When connecting two or more resistors in series, the same current flows through all resistors. But how do you calculate the total resistance in such a series circuit? Here you’ll find the formula and a simple online tool for quick calculation.

## Total Resistance in a Series Circuit

In a series circuit, there is an unbranched path for the current. The current strength $I$ is therefore the same at every point. You can obtain the total resistance (also known as equivalent resistance) by simply adding the resistances $R_{1}$, $R_{2}$ to $R_{n}$.

## Calculating Series Circuit Resistance

### Formula: Resistances in Series

To calculate the total resistance of a series circuit with two or more resistors, you use the following formula:

$$ R_{total} = R_{1} + R_{2} + \cdots + R_{n} $$

### Series Resistance Calculator

The following online calculator helps you calculate the total resistance in a series circuit with just a few mouse clicks. First, select the number of resistors in the series circuit, then enter the individual resistance values.

### Manual Calculation

In certain situations, such as an exam, you may not have access to the online calculator. But that’s not an issue because manual calculation for a series circuit is incredibly straightforward:

**Simply add up all the values of the individual resistances to get the total resistance.**

## Behavior of Voltage and Current

In a series circuit, the same current flows through all resistors, which is equal to the total current of the circuit:

$$ I_{total} = I_1 = I_2 = … = I_n $$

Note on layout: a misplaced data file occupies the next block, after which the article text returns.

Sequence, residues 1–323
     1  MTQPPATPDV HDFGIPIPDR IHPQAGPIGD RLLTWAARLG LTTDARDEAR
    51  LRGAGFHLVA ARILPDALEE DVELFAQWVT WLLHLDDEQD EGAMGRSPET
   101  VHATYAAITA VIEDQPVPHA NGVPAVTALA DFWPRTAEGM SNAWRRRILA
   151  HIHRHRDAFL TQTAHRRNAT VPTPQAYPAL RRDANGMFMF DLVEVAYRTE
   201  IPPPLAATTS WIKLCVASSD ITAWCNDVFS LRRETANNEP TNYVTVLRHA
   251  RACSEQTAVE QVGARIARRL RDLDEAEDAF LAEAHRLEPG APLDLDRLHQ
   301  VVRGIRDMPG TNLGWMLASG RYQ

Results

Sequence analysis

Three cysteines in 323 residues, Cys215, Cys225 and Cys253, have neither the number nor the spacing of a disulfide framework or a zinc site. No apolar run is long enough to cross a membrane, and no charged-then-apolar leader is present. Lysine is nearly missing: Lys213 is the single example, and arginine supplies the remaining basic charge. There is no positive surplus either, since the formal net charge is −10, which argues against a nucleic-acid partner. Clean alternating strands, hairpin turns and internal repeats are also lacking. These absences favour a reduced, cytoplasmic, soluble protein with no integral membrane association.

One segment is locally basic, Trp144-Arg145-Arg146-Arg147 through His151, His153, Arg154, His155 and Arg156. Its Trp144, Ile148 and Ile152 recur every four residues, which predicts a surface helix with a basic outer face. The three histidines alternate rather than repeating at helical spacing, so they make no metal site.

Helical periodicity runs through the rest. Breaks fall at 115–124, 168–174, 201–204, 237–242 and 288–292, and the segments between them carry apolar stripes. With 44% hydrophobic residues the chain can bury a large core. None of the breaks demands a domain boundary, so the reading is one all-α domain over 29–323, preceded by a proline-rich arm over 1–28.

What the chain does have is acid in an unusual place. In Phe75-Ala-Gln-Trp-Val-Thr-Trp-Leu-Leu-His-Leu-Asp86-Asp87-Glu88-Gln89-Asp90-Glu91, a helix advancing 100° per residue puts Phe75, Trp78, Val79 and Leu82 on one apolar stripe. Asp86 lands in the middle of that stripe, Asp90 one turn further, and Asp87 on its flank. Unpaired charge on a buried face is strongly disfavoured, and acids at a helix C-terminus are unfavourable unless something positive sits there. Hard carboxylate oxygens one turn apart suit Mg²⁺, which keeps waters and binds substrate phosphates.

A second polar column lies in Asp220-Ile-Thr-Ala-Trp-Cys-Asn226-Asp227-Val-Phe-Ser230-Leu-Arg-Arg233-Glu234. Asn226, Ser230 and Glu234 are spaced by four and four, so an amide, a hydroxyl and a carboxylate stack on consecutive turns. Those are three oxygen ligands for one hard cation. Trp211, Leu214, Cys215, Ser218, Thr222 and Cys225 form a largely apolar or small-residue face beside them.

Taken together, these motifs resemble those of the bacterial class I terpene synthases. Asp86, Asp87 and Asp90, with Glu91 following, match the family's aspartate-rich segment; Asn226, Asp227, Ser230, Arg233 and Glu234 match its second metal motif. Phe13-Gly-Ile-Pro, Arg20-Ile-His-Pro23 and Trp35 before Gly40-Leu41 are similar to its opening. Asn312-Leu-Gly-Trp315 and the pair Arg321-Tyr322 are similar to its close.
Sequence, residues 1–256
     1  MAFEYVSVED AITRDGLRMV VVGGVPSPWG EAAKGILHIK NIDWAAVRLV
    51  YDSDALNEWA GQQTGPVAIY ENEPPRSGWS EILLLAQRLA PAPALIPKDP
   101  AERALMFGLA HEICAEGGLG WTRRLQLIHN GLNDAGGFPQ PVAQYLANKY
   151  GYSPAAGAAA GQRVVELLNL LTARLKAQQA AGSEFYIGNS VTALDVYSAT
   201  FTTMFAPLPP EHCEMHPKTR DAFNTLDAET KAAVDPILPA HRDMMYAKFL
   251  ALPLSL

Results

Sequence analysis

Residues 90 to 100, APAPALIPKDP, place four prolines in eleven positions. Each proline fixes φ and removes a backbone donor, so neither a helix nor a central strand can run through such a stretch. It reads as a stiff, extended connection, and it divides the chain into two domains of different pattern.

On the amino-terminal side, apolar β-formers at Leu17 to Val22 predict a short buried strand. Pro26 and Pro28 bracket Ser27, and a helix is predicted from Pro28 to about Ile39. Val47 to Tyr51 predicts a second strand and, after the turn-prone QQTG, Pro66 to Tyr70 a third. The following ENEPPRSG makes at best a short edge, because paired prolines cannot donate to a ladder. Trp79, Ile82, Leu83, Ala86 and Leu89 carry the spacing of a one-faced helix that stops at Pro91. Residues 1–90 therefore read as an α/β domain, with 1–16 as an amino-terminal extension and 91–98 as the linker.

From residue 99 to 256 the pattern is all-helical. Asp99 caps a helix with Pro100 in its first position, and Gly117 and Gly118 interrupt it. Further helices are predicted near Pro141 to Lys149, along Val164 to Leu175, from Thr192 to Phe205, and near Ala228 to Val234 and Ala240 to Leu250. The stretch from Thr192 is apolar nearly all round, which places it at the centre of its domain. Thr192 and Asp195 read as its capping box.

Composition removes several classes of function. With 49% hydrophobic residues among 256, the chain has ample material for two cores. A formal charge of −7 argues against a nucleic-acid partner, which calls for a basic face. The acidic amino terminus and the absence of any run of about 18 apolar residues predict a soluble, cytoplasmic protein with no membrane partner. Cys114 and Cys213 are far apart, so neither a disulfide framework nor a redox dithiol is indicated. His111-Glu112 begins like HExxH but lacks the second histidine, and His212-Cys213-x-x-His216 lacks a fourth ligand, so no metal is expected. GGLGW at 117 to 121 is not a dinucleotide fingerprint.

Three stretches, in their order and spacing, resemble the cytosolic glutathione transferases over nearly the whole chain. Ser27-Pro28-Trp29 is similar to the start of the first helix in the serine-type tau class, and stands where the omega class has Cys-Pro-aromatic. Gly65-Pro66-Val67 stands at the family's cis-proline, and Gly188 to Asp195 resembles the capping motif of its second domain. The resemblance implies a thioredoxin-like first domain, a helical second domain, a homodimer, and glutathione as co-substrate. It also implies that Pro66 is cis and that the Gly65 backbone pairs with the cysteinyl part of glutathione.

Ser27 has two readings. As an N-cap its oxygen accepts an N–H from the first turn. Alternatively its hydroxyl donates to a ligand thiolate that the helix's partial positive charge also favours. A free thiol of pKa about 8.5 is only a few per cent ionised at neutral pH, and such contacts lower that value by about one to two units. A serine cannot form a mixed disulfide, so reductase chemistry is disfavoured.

However, the voltage is divided among the individual resistors:

$$ U_{total} = U_1 + U_2 + … + U_n $$

According to Ohm’s law, in a series circuit, the largest resistor causes the greatest voltage drop.

### Comparison: Series Circuit and Parallel Circuit

In this section, we compare the series circuit with the parallel connection of resistors in a circuit.

In a parallel circuit, the current divides among multiple paths, each with its own resistor. The total resistance (equivalent resistance) of a parallel circuit is smaller than the smallest individual resistance. The calculation of the equivalent resistance is done using the **reciprocal formula**:

$$ \frac{1}{R_{total}} = \frac{1}{R_1} + \frac{1}{R_2} + \frac{1}{R_3} + \dots $$

In a series circuit, all resistors are arranged in a line. The current flows through each resistor one after the other. The total resistance (equivalent resistance) in a series circuit is calculated by summing up the individual resistances:

$$ R_{total} = R_1 + R_2 + R_3 + \dots $$

The main differences relate to current strength and voltage:

- In a series circuit, the current $I$ is the same throughout the circuit, while the voltage across each resistor may vary.
- In a parallel circuit, the voltage $U$ is the same across each resistor, while the current strength in the individual branches of the circuit may vary.

In both circuits, the equivalent resistance can be replaced by equivalent circuits without changing the behavior of the entire circuit.

For the series circuit, this means the equivalent resistance is the sum of the individual resistances, while in the parallel circuit, the equivalent resistance follows the reciprocal formula.